What is Adjusted Gross Income?

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28 Feb What is Adjusted Gross Income?

What is Adjusted Gross Income (AGI)?

The IRS labels it as “the most important number” on your tax return. So what is it?

Adjusted Gross Income or AGI is your total taxable income and the metric by which the IRS determines how much income tax you owe. As its name suggests, it is a variation of gross income, which refers to all the money made in a certain year. Certain deductions will affect how AGI is calculated, such as a health savings plan, 50% of self-employment tax, moving expenses, and paid alimony among others.

Keep in mind that deductions for AGI aren’t necessarily the same as taking general tax deductions. AGI is also different from net income, which is your profit after taxes. AGI deductions will appear between lines 23 and 35 on a form 1040.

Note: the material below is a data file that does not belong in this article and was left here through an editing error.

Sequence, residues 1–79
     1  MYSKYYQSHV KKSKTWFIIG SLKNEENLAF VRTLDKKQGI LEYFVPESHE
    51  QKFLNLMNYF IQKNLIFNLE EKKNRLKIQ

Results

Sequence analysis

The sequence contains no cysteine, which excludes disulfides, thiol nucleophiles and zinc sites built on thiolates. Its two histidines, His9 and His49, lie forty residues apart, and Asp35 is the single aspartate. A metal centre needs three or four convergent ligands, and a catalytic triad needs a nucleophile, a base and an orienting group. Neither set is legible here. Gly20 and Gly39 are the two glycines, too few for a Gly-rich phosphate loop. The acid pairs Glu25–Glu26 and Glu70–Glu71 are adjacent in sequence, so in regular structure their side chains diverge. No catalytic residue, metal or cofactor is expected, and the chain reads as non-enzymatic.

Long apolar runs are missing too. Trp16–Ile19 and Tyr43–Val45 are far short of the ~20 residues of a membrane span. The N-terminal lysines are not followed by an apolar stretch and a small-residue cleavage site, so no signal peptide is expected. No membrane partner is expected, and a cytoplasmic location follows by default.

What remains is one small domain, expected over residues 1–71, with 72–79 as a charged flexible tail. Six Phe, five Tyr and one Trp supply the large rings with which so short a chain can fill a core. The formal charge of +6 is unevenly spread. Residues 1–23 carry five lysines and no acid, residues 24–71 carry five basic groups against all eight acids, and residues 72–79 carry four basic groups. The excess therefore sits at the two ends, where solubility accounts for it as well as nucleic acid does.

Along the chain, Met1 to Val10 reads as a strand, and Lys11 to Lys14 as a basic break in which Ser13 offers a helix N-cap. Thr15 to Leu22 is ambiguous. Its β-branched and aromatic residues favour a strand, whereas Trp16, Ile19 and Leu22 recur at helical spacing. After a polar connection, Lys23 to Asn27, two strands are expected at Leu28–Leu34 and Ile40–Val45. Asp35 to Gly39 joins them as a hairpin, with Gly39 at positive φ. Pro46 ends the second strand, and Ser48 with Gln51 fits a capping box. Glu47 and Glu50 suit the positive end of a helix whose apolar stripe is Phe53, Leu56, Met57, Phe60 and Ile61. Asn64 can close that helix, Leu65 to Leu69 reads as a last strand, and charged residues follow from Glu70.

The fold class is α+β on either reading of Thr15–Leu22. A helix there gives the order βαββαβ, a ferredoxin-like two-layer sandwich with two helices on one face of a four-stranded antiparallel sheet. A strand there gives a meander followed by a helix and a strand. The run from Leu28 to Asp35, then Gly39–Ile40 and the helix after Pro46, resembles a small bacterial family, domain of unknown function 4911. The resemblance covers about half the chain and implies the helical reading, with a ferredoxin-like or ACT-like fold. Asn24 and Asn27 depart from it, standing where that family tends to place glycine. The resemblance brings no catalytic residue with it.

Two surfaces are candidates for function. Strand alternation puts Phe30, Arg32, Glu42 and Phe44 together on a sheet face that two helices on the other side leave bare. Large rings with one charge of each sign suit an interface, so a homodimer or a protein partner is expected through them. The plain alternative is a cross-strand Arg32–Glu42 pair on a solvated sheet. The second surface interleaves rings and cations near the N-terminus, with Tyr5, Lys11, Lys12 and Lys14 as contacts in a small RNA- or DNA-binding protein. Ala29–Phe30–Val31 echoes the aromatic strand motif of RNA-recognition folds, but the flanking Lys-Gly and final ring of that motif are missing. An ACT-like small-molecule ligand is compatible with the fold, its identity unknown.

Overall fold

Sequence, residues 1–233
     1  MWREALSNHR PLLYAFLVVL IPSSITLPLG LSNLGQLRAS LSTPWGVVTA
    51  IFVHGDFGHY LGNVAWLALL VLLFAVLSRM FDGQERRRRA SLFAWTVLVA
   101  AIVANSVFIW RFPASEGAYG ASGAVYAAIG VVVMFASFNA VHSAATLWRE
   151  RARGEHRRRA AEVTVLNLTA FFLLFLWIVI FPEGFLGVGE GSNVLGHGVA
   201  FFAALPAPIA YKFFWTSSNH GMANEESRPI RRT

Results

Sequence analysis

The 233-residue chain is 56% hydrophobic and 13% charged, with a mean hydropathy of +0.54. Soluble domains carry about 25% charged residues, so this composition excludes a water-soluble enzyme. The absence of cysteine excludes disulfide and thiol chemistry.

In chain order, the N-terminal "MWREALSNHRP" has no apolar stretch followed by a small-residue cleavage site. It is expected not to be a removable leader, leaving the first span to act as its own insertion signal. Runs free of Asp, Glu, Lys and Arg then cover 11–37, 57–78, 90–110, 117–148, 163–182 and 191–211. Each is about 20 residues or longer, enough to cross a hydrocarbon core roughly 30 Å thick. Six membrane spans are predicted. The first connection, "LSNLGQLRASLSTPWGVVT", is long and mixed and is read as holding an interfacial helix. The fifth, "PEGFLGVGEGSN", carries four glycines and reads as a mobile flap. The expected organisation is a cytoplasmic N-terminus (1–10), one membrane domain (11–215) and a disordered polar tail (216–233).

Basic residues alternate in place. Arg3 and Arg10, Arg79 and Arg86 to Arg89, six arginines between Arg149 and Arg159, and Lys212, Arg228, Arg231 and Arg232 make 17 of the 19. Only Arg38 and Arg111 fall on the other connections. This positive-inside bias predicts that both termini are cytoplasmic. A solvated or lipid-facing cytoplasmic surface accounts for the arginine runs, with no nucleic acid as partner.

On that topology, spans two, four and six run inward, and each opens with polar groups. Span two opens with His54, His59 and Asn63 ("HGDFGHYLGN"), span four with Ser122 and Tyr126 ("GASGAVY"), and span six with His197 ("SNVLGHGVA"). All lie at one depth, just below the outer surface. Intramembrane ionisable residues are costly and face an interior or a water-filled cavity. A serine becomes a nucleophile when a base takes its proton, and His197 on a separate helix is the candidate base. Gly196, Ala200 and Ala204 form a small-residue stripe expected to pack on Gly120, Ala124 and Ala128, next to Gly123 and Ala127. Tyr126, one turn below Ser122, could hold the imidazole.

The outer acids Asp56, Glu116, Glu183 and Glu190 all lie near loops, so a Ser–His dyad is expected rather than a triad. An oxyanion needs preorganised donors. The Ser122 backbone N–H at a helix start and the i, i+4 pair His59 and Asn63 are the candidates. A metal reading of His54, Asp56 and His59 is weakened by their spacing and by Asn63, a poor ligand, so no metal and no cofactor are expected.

Why Is Adjusted Gross Income Important?

AGI is important for a few reasons. Among them is that it determines what deductions you can take. For example, you want to take a deduction for student loan interest. You can take up to $2500 as a deduction for it if your AGI is under $85,000 for the year (if you’re filing single). Your gross income might’ve been $100,000, but if your AGI is $80,000, then you can still take the deduction. See why AGI is important?

Adjusted Gross Income is also an often-used metric for state taxes. The state mostly goes by your AGI rather than your gross income to determine how much you owe.

Your AGI will also be important in the future. That number is not only an identifier for you as a taxpayer, but it’s also necessary if you e-file your return. The IRS requires your AGI from the previous year any time you e-file.

If you need help with your returns or have any tax questions, our tax experts can help you. Just call us at 614-524-4888 or 614-310-0506!

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